BrandingWire: IT the Canadian Way


This month Steve Woodruff honored me by asking me to participate in BrandingWire’s latest challenge.

We are an IT company that does a lot of work for non-profit organizations and financial/accounting clients, but even though business is growing rapidly (We’ve doubled in size over the last two years), we have a couple of problems.

First, we have some difficulty convincing potential clients that what we do has value with respect to their businesses to the point that they will invest in a contract with us. This means to me that they do not believe our expertise adds any value to them. Whatever strategy we pursue must help us establish ourselves as experts and authorities in our field.

Second, our background is with nonprofit organizations, but we hope to expand beyond that sector. Limiting ourselves to our current industries puts a natural limit on how much we can grow.

(View the details about this assignment.)

We need to start planning for the future now, and we cannot allow short-term problems to get in the way of our long-term view. Thus, my part of this assignment will be primarily focused on the long run. If by the time a business gets started, IT is but an afterthought, we have little chance to overcome the trend in the business world to underbudget and underprepare for IT costs, except after a major IT catastrophe happens within an organization or an industry. Therefore we must target people who are just getting businesses started or who are just getting started themselves in the workplace.

Connect with Canadian entrepreneurial organizations.
Our target market is small to medium sized businesses in our city and surrounding areas. To both prepare future business leaders and establish ourselves as experts in this field, we should hold workshops designed to show the sorts of options startup companies can face, and demonstrate how and under what circumstances hiring a company like ours to provide IT services makes sense.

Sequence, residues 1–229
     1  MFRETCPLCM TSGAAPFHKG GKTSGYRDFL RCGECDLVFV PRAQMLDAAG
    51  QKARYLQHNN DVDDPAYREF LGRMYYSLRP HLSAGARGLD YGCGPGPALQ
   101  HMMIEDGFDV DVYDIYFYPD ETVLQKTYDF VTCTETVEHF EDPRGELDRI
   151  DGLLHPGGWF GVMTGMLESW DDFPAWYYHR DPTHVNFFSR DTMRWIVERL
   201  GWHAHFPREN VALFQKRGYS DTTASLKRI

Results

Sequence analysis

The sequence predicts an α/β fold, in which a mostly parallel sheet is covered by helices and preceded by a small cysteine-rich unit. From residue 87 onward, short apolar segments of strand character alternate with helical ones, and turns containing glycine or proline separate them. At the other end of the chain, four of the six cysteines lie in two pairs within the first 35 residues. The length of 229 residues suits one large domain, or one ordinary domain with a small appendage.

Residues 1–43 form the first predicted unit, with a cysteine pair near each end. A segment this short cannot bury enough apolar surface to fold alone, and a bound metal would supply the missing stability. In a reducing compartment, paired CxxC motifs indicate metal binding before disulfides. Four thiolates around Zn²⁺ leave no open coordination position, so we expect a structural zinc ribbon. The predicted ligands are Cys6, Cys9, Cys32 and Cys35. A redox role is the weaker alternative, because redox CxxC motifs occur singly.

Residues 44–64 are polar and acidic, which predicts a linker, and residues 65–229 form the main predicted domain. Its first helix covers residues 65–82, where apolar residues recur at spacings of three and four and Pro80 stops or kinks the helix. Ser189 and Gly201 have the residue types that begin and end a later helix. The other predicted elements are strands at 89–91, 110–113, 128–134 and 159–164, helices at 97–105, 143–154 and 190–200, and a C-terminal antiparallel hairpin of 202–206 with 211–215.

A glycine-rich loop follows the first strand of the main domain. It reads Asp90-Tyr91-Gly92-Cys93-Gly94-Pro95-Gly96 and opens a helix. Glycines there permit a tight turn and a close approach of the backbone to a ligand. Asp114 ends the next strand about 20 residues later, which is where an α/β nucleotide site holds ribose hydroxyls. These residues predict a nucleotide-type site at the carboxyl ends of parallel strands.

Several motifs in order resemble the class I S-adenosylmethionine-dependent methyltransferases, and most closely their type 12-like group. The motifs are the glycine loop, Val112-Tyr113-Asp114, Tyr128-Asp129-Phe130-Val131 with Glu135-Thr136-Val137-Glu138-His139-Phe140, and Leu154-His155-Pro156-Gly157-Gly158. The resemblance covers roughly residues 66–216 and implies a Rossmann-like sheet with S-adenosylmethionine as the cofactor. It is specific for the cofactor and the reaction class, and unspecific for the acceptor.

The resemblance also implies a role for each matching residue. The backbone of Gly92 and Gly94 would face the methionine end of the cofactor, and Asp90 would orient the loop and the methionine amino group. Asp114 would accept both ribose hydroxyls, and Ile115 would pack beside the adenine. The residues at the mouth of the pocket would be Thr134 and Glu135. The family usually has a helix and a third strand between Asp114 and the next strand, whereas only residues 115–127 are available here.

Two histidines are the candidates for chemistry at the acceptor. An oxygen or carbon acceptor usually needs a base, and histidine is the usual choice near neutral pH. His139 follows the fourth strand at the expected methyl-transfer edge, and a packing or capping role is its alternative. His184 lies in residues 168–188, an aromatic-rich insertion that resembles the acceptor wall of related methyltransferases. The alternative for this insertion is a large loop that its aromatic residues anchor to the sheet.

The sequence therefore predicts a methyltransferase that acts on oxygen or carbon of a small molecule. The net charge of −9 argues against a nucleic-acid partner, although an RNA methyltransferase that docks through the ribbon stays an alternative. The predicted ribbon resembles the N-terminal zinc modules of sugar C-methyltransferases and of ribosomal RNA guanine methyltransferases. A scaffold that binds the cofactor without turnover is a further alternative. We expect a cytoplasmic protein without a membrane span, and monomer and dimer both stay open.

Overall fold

Sponsor a nonprofit organization that helps develop Canadian youths. 
Set up internship and other professional programs to help young Canadians build professional knowledge and expertise. By doing this, we will not only equip young Canadians to establish themselves in the workplace and achieve greater things in their own lives, but we also increase the mean intelligence of the marketplace and ensure those entering the workplace do so with full cognition of the IT challenges the companies they choose to work for can expect to face. Also establish a program to keep in contact with these individuals we’ve helped, track their progress in their careers, and if necessary, offer a helping hand.

Give guest lectures at one or several local business colleges.
Opportunities for topics include how IT outsourcing can improve the bottom line and help the environment. This is an important step for several reasons. First, of course it will, as the point before, help those entering the workplace come to know what to expect from an IT standpoint. Second, it keeps our company top-of-mind when either IT or green initiatives are started by a company anyone in the audience eventually works for are started.

Start a corporate blog.
This is, in part, an extension of the lectures mentioned above. The blog should expound on how IT services can help reduce the consumption of resources and helps our clients be more environmentally friendly. Doing this is not only good from a PR perspective, but it will appeal to a younger, more environmentally conscious audience. In addition, it positions the company well if and when the Canadian government passes environmental legislation that will be binding on our potential clients. This blog can help us as much as we want. If we want it to be a big part of our strategy, quality and consistency are key.

Whenever the marketplace doesn’t think it is worth to pay for IT services, they are either right or they are wrong. If they are wrong, then there is a bit of an education problem that might be exacerbated by how rapidly things change in the industry. To make sure we aren’t always chasing our tails, we must not only address the needs of right now, but we must also look to the horizon and start training the leaders of tomorrow to prepare them for the problems they will face. In the end, they will remember and appreciate that we helped them succeed, and one day we will no longer have to worry that clients don’t see the value in what we do.

Get more insight about this BrandingWire assignment from the following writers:

Lewis Green

Martin Jelsema

Kevin Dugan

Valeria Maltoni

Steve Woodruff

Drew McLellan

Patrick Schaber

Gavin Heaton

Becky Carroll

Olivier Blanchard

and fellow guest writers:

Matt Dickman

Chris Brown